Saturday, March 24 , 2018, 3:18 pm | A Few Clouds 64º


Russell Collins: Is the Age of Narcissism Nearing an End?

A dose of scarcity and humility amid the global economic meltdown may be just the ticket out of societal narcissism

In line at Costco last week, I mentioned out loud that the checkout seemed quieter than usual. A wild-eyed man behind me in frayed shorts and flip flops offered an explanation.

Russell Collins
Russell Collins

“Fewer big-ticket items,” he said in a hollow, raspy whisper that sounded strangely prophetic. He was right. Even amid the shafts of warm midday light streaming in from the soaring warehouse windows,  without the bulky big screens balanced precariously on orange industrial carts or brightly labeled boxes from Sony and Dell sticking out of their baskets, the shoppers looked grim and subdued in their rows.

In the wake of the current financial catastrophe, a new wave of criticism of our materialistic society has erupted. Typical of the trend is the just-published book The Narcissism Epidemic by Jean Twenge and Keith Campbell, which informs us that a narcissism virus has been spreading faster than even obesity and is to blame for everything from overspending and rampant consumerism to the shallowness of the YouTube generation, the increase in cosmetic surgeries and the breakdown of marriage.

Twenge and Campbell make a pretty good statistical case for their thesis that the level of narcissism has increased geometrically in recent decades. Their explanation for this trend is a little less convincing, however. They blame a combination of overindulgent helicopter parenting, celebrity worship, MySpace and an economic environment for consumers and homebuyers that they call “the repeal of the reality principal.”

And now, the authors tell us, in perhaps its tragic last act, societal narcissism may be bringing about the global economic meltdown. Our national obsession with big-ticket symbols of status has come full circle and is devouring its own tail. It went something like this: a) Economic prosperity brought about a materialistic frenzy that, b) drove a supercharged economy to, c) reward crazy, risk-taking behaviors in its leaders in a spiral of greed that, d) had everyone feeling richer and richer. Finally, e) risk-friendly policies and risk-seeking leaders brought down the whole house of cards through their narcissistic denial of the inevitable collapse.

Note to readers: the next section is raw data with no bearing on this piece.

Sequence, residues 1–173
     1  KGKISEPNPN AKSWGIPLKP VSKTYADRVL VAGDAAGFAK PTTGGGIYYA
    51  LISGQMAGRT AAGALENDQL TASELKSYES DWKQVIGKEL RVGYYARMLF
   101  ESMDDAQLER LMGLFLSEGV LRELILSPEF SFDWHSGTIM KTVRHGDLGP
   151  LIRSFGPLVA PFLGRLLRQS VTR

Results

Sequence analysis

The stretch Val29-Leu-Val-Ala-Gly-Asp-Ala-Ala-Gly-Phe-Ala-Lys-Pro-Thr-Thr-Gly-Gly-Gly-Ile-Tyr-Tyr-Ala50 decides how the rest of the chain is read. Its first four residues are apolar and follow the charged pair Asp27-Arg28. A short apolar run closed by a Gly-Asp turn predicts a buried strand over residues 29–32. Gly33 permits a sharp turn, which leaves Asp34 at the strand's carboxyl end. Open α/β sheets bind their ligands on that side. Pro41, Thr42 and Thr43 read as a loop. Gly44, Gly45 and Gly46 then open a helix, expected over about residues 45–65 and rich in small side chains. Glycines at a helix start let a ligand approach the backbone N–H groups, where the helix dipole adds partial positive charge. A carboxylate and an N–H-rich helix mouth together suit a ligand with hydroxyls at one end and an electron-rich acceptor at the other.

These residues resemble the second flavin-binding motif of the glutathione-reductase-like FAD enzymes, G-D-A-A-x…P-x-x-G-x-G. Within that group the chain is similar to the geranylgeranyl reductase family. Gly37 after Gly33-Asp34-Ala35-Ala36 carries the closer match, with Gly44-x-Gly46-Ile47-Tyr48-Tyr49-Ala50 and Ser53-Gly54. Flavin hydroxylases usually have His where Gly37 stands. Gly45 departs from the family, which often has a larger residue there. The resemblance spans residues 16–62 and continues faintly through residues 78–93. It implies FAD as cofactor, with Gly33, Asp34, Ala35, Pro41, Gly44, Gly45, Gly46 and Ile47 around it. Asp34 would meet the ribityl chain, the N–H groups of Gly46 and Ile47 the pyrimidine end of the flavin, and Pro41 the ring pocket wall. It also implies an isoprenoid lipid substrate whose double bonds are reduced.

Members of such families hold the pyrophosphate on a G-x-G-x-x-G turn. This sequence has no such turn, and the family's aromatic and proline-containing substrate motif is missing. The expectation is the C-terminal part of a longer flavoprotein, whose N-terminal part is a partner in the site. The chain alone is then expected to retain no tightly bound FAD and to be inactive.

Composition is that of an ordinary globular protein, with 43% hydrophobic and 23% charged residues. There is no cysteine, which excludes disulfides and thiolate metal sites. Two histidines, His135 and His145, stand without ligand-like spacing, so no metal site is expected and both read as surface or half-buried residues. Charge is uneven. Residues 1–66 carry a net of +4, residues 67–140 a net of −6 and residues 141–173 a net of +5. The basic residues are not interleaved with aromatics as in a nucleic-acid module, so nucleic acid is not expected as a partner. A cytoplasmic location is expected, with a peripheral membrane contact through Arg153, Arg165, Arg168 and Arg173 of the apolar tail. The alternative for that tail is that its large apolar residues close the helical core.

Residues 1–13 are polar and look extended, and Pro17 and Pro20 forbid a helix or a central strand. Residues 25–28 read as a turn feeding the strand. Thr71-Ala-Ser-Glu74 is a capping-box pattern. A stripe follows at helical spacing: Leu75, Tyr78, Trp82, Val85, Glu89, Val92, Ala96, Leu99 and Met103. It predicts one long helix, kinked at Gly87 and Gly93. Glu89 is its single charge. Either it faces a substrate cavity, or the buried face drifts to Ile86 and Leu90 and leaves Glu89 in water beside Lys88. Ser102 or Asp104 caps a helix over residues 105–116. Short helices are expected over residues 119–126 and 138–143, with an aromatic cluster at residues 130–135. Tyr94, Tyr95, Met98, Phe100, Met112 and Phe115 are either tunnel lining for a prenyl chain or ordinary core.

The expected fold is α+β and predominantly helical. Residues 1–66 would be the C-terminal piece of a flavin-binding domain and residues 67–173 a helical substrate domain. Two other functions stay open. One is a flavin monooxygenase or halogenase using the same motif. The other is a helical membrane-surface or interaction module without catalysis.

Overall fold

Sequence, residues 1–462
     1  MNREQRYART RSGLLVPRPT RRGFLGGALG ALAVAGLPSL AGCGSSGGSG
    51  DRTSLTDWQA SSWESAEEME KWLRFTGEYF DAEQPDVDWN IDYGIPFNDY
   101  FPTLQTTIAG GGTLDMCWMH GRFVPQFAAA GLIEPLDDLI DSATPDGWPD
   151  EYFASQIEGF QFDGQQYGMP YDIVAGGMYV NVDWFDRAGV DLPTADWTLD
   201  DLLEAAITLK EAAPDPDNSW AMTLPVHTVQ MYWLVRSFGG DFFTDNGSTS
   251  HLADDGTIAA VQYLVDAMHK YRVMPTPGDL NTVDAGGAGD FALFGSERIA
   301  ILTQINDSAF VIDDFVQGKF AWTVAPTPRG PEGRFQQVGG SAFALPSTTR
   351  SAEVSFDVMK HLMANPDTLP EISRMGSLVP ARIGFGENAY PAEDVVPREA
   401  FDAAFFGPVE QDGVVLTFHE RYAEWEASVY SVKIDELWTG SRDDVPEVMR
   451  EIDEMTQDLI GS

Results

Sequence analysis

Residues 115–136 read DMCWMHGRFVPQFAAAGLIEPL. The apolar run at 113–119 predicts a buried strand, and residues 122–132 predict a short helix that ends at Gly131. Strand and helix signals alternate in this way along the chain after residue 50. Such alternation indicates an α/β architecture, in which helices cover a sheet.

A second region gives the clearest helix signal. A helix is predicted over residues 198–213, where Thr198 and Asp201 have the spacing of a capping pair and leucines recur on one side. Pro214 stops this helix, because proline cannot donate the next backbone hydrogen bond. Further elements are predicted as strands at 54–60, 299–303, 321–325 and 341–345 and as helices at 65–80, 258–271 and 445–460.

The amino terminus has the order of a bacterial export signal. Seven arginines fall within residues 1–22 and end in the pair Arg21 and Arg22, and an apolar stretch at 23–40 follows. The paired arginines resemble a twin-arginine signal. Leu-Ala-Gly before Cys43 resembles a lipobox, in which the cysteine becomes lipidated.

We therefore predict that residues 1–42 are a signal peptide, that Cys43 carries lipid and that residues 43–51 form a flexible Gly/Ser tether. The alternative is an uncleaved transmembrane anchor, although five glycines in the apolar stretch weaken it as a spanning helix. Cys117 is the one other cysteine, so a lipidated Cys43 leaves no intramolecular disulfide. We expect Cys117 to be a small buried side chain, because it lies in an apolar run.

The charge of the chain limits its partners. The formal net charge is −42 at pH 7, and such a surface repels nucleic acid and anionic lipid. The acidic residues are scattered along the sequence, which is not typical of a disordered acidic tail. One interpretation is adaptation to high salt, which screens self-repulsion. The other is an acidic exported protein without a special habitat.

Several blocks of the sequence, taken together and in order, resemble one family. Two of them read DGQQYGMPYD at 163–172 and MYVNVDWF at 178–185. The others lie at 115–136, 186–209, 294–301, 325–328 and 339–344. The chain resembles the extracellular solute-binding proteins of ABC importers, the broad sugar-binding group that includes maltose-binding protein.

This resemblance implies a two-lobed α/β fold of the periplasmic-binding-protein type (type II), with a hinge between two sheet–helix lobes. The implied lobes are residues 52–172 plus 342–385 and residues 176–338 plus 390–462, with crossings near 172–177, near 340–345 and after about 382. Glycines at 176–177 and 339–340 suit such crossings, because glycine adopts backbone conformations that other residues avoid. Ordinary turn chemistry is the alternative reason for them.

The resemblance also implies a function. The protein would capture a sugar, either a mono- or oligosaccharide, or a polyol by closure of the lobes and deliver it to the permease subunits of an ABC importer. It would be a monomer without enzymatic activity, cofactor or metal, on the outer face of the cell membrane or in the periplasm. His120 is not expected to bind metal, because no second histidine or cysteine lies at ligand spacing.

But what is a narcissist, exactly?

Psychological narcissism was invented by Sigmund Freud in 1914 in an essay “On Narcissism: an Introduction.” He took the name, of course, from the story of Narcissus, a youth who fell in love with his own reflection in a pool and died pining for this unattainable love.

Despite the unhappy outcome of Narcissus’ tale, Freud’s theories came eventually to include both healthy and unhealthy forms of narcissism. The healthy kind was a primitive survival instinct (the drive to survive implies a kind of me-first valuing of the self, after all) that all humans share. Freud distinguished this infantile or primary narcissism from a kind that develops later, when the child’s personal survival drive fails to develop into empathy or altruism. The more extreme forms of this secondary narcissism Freud considered a mental illness. The official diagnosis for this problem today is called narcissistic personality disorder.

It is sometimes argued that NPD is over-diagnosed because the symptoms often don’t cause “distress or impairment” in the patient (this is one of the official criteria for the disorder). In fact, narcissistic people often believe that their lives are pretty wonderful. But those who surround the narcissist — family, friends and co-workers, especially — suffer greatly at his lack of empathy and understanding. Children of narcissists make up a special class of psychotherapy patient, often needing years of treatment to heal their childhood wounds.

How the economy made narcissists of us all.

Two journalistic events of the 1970s defined the Age of Narcissism. First, the term “Me Decade” was introduced by novelist Tom Wolfe in a New York magazine article in 1976. A few years later, Christopher Lasch’s book The Culture of Narcissism provided a more substantive commentary on the diminishing ability of modern society and culture to provide a sense of identity and security for its members.